Tag Archives: David Warner

The Summer of Lovecraft: The Unnamable Returns (1992)

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AKA The Unnamable II: The Statement of Randolph Carter

Directed by Jean-Paul Ouellette
Starring Mark Kinsey Stephenson, Charles Klausmeyer, John Rhys-Davies, Julie Strain and David Warner

The Story

Well, we covered “The Unnamable” in the previous entry, but this one also claims to be based on “The Statement of Randolph Carter.” Written in 1919, but published in 1920, this story is a fictional rendering of a dream Lovecraft had in which he and his friend Samuel Loveman were exploring a mysterious underground crypt. There’s not an enormous amount to it — it’s all atmosphere and menace — but if you remember the previous film, you’ll remember that the filmmakers didn’t let the story’s brevity stop them.

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The Summer of Lovecraft: Cast a Deadly Spell (1991)

The effects are not as special as this poster makes out.
The effects are not as special as this poster makes out.

“The Comedy Detective Thriller with Very Special Effects”

Directed by Martin Campbell
Starring Fred Ward, David Warner, Julianne Moore, Clancy Brown and Alexandra Powers

The Story

Okay, in fairness this one isn’t based on a specific Lovecraft story.

The Film

H. Philip Lovecraft (Ward) is a private detective in LA 1948, a city where everyone uses magic; everyone except Lovecraft. Hired by wealthy Amos Hackshaw (Warner) to recover his copy of the Necronomicon, he follows the trail of the thief through a world in which he knows almost everyone, from ex-partner-turned-hoodlum Harry Bordon (Brown) to old flame Connie Stone (Moore).

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From the Archive – Teenage Mutant Ninja Turtles II: The Secret of the Ooze (1991)

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Directed by Michael Pressman
Starring Paige Turco and David Warner

“Cowabunga; it’s the new Turtle movie”

Following their victory over Shredder the Turtles are ‘resting’ in April O’Neill’s (Turco) apartment (she seems to have bought pants since the last time at least). Then Shredder and the Foot Clan return, stealing the last sample of the ooze that created the Turtles and using it to make two monstrous – if endearingly dim – minions. With the aid of the scientist who accidentally created the ooze (Warner), the Turtles demutate the minions, battling them through a club to a Vanilla Ice soundtrack (Go Ninja, Go Ninja, Go!) then tackle a giant, mutated Shredder in the sewers to some kind of conclusion.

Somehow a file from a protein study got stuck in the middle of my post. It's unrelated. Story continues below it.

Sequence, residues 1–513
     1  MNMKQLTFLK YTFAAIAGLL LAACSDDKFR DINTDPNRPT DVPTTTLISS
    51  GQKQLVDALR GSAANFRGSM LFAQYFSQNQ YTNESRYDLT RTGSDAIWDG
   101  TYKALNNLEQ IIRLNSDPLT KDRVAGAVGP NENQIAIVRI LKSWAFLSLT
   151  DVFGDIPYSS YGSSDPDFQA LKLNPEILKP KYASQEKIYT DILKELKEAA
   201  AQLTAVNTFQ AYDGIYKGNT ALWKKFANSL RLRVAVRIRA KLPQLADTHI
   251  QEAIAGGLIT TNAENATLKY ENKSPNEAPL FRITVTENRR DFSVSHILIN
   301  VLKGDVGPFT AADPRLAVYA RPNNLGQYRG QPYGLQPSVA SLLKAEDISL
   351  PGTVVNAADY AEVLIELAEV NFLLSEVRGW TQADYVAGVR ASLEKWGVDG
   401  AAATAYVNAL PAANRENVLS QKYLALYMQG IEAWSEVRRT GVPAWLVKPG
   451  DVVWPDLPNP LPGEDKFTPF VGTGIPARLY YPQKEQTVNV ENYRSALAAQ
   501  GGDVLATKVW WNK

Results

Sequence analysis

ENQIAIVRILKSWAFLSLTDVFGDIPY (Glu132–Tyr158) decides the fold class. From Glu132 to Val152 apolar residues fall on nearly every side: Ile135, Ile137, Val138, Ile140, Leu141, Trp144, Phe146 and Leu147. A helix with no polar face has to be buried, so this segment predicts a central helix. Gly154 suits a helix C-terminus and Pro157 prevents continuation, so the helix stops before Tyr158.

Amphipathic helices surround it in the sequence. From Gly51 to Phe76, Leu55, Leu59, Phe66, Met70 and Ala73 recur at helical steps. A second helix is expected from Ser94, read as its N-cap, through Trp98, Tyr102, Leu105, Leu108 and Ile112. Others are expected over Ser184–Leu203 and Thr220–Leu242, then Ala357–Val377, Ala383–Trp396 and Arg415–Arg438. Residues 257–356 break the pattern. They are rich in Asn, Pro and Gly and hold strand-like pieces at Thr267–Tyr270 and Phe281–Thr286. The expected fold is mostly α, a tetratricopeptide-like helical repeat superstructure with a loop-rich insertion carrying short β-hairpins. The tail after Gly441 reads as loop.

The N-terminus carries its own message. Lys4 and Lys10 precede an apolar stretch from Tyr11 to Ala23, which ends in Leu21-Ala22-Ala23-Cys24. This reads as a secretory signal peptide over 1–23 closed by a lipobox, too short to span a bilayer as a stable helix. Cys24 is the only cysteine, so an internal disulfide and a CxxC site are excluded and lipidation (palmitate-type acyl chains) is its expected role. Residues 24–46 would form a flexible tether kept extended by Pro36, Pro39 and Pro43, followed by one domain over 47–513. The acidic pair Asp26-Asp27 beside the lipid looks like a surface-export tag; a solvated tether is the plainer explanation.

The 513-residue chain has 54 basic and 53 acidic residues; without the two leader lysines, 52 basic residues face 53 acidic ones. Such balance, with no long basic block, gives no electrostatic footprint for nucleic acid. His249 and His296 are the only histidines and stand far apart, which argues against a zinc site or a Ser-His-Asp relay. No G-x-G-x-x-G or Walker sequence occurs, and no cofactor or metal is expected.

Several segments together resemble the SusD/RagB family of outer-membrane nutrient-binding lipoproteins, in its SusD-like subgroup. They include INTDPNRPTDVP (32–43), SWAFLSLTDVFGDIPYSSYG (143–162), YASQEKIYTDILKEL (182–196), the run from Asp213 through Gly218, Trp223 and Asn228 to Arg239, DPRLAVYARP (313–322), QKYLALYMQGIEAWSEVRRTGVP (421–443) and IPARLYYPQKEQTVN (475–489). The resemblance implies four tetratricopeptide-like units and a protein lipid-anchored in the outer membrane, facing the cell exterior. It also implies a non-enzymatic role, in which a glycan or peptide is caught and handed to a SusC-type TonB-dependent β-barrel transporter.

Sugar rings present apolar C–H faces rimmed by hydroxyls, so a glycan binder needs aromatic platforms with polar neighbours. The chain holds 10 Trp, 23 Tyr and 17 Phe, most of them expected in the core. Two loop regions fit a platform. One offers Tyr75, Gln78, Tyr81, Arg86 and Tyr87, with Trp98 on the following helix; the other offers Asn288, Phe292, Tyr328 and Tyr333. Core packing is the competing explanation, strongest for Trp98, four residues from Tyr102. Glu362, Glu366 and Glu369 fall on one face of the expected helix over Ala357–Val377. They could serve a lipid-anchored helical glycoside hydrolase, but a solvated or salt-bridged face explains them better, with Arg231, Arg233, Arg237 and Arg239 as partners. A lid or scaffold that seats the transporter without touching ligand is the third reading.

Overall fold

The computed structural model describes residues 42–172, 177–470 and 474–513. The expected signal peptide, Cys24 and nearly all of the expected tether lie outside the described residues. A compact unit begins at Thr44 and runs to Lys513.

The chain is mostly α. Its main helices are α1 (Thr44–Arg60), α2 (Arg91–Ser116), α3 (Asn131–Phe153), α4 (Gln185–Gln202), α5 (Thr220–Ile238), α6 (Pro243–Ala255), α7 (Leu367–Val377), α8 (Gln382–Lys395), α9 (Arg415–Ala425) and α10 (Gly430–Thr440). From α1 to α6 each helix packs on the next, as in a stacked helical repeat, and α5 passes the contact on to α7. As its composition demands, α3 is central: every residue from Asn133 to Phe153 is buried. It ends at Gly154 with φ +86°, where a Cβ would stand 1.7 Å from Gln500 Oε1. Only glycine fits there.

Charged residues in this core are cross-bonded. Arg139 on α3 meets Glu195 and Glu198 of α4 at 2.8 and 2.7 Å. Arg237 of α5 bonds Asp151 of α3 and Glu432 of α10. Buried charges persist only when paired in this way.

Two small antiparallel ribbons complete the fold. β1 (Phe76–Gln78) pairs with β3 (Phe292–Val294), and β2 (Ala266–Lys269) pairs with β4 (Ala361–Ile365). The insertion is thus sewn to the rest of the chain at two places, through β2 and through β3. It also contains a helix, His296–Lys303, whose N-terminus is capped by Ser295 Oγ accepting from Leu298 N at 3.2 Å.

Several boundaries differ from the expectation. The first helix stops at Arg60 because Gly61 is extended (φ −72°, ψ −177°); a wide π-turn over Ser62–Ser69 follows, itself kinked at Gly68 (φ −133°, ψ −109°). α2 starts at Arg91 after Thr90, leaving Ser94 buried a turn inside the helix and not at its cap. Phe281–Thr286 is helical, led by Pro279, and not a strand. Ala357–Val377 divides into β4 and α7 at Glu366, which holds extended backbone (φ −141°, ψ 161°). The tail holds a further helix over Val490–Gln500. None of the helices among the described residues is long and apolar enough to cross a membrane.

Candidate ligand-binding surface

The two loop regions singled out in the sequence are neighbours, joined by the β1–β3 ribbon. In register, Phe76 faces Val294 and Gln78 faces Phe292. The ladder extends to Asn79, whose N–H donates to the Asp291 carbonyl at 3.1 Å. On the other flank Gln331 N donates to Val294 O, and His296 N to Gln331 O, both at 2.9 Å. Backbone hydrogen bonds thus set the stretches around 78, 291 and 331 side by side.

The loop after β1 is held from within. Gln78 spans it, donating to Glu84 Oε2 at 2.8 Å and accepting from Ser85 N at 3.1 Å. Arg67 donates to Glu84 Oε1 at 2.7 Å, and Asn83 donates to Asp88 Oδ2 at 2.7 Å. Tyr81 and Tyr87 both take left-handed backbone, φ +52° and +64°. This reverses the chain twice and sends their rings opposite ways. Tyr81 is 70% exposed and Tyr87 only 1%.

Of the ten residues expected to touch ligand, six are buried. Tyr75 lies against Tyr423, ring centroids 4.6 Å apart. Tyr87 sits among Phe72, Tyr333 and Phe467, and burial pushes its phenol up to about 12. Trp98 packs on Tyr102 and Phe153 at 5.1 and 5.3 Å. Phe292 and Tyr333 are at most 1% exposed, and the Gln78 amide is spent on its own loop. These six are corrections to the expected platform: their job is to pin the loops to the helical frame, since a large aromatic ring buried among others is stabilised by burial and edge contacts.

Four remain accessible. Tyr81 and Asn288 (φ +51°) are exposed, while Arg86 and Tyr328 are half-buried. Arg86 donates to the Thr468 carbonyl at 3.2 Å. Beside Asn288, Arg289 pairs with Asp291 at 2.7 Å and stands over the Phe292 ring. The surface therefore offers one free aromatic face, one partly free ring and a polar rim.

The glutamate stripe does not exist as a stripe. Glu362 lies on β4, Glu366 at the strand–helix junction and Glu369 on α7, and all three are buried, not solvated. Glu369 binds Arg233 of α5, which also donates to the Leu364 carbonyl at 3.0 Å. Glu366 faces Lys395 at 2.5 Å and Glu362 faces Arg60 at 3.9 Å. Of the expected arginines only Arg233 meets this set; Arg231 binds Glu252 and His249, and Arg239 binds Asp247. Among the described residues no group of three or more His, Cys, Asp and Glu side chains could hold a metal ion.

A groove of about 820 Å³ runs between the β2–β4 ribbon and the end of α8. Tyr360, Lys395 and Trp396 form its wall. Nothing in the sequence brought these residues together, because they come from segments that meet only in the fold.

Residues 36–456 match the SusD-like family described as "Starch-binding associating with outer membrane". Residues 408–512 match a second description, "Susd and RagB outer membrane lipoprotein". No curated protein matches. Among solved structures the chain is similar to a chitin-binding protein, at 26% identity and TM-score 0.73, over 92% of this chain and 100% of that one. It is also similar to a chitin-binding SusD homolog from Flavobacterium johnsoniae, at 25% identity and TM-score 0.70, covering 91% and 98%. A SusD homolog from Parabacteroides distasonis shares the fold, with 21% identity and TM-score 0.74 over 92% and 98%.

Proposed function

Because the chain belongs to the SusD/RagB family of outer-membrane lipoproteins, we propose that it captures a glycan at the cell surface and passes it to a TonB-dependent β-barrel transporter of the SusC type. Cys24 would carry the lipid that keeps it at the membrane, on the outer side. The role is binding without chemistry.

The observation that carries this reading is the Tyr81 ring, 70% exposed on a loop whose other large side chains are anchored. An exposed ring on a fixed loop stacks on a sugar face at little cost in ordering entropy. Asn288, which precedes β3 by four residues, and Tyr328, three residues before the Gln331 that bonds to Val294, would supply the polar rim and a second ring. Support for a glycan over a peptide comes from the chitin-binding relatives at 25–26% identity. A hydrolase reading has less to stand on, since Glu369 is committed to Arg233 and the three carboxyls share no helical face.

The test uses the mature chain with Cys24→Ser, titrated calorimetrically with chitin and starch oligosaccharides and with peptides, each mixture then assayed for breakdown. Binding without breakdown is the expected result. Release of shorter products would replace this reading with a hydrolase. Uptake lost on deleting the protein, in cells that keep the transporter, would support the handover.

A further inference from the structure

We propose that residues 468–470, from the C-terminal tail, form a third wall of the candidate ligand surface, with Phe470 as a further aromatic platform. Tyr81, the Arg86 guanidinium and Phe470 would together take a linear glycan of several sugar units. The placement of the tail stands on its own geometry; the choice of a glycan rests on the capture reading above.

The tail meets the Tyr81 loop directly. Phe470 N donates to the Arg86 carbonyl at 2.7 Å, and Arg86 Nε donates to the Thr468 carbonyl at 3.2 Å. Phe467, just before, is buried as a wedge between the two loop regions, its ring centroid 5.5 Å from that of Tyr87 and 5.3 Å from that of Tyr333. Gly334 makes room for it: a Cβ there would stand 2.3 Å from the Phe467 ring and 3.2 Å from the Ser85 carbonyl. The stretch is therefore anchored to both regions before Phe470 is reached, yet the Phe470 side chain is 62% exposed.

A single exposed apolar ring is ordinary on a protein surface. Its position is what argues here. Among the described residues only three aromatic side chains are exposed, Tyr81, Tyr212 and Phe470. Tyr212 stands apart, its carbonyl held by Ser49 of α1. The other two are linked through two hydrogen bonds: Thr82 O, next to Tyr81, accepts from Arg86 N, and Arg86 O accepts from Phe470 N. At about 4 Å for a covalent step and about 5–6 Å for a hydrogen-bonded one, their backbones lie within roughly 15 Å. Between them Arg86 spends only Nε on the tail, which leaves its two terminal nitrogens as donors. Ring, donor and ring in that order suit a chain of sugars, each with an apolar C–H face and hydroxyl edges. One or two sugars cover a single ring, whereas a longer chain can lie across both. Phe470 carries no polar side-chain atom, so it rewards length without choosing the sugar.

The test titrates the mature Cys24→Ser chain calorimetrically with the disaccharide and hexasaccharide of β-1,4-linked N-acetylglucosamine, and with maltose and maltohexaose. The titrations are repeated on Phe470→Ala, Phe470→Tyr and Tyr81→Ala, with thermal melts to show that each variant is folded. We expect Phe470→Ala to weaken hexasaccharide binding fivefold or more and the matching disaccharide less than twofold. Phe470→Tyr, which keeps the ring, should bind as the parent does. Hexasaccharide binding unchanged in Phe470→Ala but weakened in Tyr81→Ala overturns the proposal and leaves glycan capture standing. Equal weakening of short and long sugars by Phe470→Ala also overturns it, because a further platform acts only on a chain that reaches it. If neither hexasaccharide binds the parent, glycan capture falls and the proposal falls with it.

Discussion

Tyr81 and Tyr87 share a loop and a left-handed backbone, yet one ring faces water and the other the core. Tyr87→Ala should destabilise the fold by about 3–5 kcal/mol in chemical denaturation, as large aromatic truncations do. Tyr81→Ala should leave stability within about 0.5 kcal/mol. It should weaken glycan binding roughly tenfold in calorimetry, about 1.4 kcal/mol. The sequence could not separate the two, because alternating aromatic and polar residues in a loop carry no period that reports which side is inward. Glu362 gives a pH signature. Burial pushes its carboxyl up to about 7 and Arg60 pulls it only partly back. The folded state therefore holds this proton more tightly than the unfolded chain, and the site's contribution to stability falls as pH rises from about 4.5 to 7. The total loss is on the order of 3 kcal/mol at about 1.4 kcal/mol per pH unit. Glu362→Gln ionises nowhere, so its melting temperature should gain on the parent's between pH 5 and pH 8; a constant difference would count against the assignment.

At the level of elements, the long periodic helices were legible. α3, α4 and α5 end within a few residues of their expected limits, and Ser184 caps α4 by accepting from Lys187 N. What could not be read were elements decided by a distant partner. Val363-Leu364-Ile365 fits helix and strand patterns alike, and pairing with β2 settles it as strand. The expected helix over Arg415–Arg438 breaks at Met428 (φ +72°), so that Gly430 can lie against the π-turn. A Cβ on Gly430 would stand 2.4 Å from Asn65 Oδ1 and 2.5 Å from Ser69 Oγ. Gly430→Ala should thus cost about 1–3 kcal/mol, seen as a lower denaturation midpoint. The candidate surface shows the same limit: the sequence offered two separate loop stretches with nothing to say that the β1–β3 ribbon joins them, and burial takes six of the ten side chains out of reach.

What’s wrong with it?

Well, for starters, having left it a week before writing the review, I can’t actually remember very much of the film at all; it were that gripping.

I do recall that the acting was flat, the fight scenes greatly hampered by the Turtle costumes (imagine the Tellytubbies trying to do kung fu) and the plot pretty much non-existent. Then there’s the gratuitous cute, scrappy kid, the terrible Turtle dialogue and the Ninja Turtle Rap. Sheagh!

What’s right with it?

David Warner provides his usual performance as serious person in a silly film with some dignity, and the film has a tiny spark of zany energy, although the Turtlosity was wearing out by this point. The sets – especially the abandoned subway lair – are pretty keen.

How bad is it really?

Bad, no; just not very good.

Best bit?

Shredder preparing to subdue his new minions encourages them to attack him. The giant wolf and snapping turtle run forward, throw their arms around him and cry: “Mama!”

What’s up with…?

  • The scientists just abandoning the ooze that makes things really big? Surely they could sell it to the military even if they didn’t try to use it to solve world hunger, with predictably disastrous results.
  • Vanilla Ice? What is he doing here? Was his career already so far down the crapper that TMNT II seemed like a life-saver? Oh wait; it was.

Ratings:

Production values: Some of the sets are actually really nice and although they hamper the ninjitsu, the turtle suits look okay. However, the snapping turtle and wolf monsters are crappy. 11

Dialogue and performances: Really no-one but David Warner was walking away form this with any dignity. 16

Plot and execution: I have big monsters. Go big monsters; chase the Turtles. Quickly Turtles; fight the big monsters. Ladies and gentlemen; the plot. 17

Randomness: Vanilla Ice. Other than that it all makes sense given that we have four big terrapins as the central characters. 7

Waste of Potential: Considering the mine had already been tapped more than dry by the first film, this one didn’t do too badly. 6

Overall 57%